Between 2013 and 2015, ten allegations of sexual assault were reported by women in detention centres. In 2016, male guards from governmental contractor Serco were accused of sexually abusing vulnerable women at Yarl’s Wood over the span of three years.

Unfortunately, these sorts of accusations have not been lost in time. Just in February of this year, former detainee, Beatrice Guessie, came forward and revealed that many more women were still being abused by male staff.

Unfortunately, the majority of vulnerable women tend to never speak out about their mistreatment, as they fear losing their asylum claim.
Many women from Yarl’s Wood have described their experiences with interviewers and staff as interrogations, stating that they are treated as though they have committed a crime.

This can worsen the mental state of women who have been sexually abused, as many of these women already carry some level of self-deprivation and blame – something which is particularly common in countries where women are judicially or socially blamed for their own rape.

Uneconomic practice

Not only is the act of detaining victims of abuse inhumane, but it is also extremely expensive, and much more costly than allowing asylum-seekers to stay within the community while making their claim for refuge.
When an asylum-seeker is provided with financial support while waiting for the results of their claim within the community, they receive up to £37.75 per week.

Pregnant women are given an extra £3 per week, while those with children under the age of three can receive an extra £3-5 per week. By contrast, it costs an average of £87.71 to keep one asylum-seeker in detention per day, which amounts to £576.22 per month – a difference of 1154 per cent. So, not only does detaining vulnerable women raise moral questions, but it also doesn’t make sense from an economic standpoint.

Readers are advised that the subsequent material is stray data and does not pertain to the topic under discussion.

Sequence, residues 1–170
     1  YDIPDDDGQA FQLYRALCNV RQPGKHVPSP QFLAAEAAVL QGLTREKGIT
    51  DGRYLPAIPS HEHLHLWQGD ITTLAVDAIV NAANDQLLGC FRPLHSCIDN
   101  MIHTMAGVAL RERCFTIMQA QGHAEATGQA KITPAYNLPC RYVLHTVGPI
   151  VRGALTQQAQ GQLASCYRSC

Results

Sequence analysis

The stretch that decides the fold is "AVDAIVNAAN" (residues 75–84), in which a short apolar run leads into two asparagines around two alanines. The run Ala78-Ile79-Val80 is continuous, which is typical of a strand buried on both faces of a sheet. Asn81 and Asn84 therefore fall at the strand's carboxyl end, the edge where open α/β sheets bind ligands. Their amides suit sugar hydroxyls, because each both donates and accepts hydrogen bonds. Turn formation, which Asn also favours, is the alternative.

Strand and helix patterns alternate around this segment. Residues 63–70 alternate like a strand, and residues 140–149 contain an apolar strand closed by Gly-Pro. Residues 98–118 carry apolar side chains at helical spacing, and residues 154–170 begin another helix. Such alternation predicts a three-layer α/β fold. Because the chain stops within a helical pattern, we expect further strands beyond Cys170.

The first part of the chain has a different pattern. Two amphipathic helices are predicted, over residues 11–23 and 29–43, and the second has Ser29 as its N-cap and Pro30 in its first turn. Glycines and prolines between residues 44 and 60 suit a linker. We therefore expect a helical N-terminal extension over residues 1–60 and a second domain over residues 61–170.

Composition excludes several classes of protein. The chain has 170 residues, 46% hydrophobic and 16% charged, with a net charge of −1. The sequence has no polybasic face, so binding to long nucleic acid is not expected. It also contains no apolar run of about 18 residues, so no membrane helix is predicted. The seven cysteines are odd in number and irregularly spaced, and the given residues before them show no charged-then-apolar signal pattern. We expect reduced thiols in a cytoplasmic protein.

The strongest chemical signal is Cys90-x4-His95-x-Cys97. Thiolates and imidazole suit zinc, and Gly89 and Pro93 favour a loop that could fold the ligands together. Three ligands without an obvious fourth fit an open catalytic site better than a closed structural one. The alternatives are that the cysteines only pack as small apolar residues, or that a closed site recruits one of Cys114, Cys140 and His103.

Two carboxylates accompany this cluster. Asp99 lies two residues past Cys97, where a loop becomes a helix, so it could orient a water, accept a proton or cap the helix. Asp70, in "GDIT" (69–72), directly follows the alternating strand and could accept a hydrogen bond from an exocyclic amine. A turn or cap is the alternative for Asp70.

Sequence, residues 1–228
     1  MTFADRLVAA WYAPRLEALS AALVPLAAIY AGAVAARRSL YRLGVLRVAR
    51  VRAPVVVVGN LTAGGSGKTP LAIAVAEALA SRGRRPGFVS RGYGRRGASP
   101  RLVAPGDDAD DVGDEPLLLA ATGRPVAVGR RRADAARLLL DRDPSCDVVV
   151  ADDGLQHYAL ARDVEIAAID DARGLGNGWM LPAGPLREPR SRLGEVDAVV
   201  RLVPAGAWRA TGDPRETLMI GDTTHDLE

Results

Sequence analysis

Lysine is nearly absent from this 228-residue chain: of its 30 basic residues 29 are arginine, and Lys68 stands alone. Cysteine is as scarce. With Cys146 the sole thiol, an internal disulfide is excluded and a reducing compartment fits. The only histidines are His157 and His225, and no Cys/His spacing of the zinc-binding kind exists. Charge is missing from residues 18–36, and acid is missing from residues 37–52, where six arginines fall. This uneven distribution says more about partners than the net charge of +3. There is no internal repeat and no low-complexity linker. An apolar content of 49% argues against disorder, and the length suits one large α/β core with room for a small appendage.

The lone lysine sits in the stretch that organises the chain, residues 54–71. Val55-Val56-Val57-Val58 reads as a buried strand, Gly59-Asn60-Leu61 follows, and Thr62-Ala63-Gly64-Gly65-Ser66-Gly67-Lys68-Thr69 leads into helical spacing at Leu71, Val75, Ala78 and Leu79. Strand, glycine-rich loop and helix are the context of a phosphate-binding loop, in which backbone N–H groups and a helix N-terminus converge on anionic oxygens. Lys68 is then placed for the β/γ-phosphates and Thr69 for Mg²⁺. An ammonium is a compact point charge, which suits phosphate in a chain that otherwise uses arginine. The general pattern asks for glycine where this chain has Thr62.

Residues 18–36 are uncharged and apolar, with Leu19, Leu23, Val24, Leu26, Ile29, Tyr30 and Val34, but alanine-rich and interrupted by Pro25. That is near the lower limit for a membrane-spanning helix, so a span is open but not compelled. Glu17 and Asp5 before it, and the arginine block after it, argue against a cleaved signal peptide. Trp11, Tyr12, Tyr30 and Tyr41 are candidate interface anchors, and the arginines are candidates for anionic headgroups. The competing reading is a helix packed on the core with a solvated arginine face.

The detention process is inefficient, immoral and uneconomic. According to findings from Women for Refugee Women, only 15 per cent of female detainees were eventually removed from the UK. The other 85 per cent were released back into the community, with many going on to apply for British citizenship and settling in the UK. This proves the ineffectiveness of the detention process.

Taking into account the harsh conditions and mistreatments which go on in these detention centres, imprisoning vulnerable women – who have experienced abuse and violence – is seriously inhumane and illogical.

The Government must make significant changes to the removal and detention systems in the UK. Vulnerable asylum-seekers can wait for their claim while living in the community, instead of suffering in detention.

Victims of abuse should not be detained, and indefinite detention should be banned and no longer used as the default way to deal with vulnerable individuals who are looking to begin a new life in a safe environment.

Pia Subramaniam writes for the Immigration Advice Service, a team of immigration lawyers and solicitors which offers free legal aid support to asylum-seekers, detainees and victims of domestic abuse and trafficking.